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Department of Radiation Oncology
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Thursday, June 2, 2011
The latest news on melanoma treatment and research
Broadway producer Debra Black was diagnosed with stage II melanoma more than four years ago. Although her treatment was physically and emotionally difficult, she counts herself as one of the lucky ones because her disease was treatable. Historically, most patients with advanced-stage melanoma face a grim prognosis. Today, however, a targeted therapy called PLX4032 is extending the lives of patients battling this disease.
Approximately half of all patients with advanced melanoma have a mutation in the BRAF gene, which produces a protein vital to normal cell growth. This mutation is acquired or spontaneous, not inherited, and is present only in cancerous cells. Ordinarily the gene switches on and off in response to the body’s needs but, when mutated, the gene is permanently on, over-producing a protein that leads to unchecked cell growth. PLX4032 attaches to the defective protein, stopping its destructive behavior. Two clinical trials of the drug by Keith Flaherty, MD, director of developmental therapeutics for the Massachusetts General Hospital Cancer Center, produced astounding results: More than half of the patients receiving the medication experienced a shrinkage or disappearance of their tumors. Patients lived an average of seven months without progression of their disease, a phenomenal extension in a group of patients who experience, on average, only a two-month reprieve with chemotherapy.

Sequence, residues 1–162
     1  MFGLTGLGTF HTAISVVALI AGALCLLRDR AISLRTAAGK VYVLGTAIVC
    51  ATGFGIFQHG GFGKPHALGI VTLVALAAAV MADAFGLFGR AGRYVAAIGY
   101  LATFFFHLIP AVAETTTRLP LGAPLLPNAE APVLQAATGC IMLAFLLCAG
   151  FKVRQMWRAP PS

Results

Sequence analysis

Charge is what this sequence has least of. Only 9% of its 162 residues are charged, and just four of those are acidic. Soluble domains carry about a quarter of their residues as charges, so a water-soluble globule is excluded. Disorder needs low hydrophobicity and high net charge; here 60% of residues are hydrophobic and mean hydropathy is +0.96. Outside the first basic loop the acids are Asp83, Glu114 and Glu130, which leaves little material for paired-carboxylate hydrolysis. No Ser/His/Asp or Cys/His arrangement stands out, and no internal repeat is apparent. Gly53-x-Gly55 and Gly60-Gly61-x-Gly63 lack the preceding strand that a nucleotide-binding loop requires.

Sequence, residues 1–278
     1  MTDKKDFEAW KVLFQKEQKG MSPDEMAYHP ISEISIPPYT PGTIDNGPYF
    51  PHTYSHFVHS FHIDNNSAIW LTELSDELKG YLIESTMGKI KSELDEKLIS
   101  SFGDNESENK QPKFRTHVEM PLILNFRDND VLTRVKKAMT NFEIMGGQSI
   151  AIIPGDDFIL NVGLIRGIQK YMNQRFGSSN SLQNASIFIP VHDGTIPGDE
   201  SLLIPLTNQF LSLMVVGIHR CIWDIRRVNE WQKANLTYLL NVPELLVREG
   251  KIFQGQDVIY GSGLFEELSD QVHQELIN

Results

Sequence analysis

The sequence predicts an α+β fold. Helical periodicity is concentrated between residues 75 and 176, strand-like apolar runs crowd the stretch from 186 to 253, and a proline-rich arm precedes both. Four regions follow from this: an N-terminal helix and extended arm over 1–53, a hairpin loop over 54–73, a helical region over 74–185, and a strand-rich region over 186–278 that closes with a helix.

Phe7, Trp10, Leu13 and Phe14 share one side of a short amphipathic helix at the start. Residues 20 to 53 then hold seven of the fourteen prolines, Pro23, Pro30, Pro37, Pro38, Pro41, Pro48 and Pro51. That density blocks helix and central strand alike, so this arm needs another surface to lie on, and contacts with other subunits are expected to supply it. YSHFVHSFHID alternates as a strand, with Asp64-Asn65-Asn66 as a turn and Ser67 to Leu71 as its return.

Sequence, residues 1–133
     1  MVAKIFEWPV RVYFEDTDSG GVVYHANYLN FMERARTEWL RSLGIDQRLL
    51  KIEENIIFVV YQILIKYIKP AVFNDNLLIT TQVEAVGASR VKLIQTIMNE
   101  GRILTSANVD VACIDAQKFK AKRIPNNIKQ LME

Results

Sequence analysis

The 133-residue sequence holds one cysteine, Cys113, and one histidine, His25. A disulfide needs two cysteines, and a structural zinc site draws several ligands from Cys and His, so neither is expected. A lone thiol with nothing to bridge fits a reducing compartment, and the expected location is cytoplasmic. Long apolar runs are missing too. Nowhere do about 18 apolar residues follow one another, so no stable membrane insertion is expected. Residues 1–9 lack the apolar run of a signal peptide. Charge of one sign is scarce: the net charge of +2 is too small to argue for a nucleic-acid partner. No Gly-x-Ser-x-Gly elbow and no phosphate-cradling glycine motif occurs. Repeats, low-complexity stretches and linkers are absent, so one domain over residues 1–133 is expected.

“This response is gratifying,” says Flaherty, “especially when you consider that as many as 90 percent of patients with this mutation have a positive response early in their treatment, and that traditional chemotherapies gave us only a 10 percent response. But there is still work to be done.”
Flaherty and other melanoma specialists at the Mass General Cancer Center are probing the same questions that face clinical researchers investigating other targeted therapies: What’s different in the patients who have the mutation but do not respond to PLX4032? How can doctors know up front who will respond, so they can direct them to the right treatment? And what about the patients with advanced melanoma and no BRAF mutation?
For Flaherty, ongoing work to answer these questions includes a next generation clinical trial that combines a BRAF inhibitor with another drug that blocks a different component of the same pathway. This approach has been validated in human melanoma cells in the laboratory and is now being offered to patients with advanced melanoma at the Mass General Cancer Center and other locations. Flaherty is also readying a clinical trial of a BRAF inhibitor and an inhibitor of a secondary pathway believed important in melanoma. “These types of combinations,” he says, “will potentially help responses last longer.” Mass General Surgical Oncologist Jennifer Wargo, MD, is taking a different approach against BRAF-mutated melanomas, proposing to unite targeted agents with immunotherapy. Immunotherapy has, for the past decades, been the most effective weapon in the anti- melanoma arsenal. It works by revving up immune cells, called T cells, to fight the disease. One FDA-approved form of immunotherapy for metastatic melanoma, interleukin-2 (IL2), leads to a complete regression of disease in eight percent of patients. In another 15 percent of patients, IL2 causes some shrinkage or disappearance of disease. A second form of immunotherapy available to Mass General Cancer Center patients through clinical trials, ipilimumab, has been recently approved by the FDA for use in patients with advanced melanoma because of its ability to produce long-lasting responses.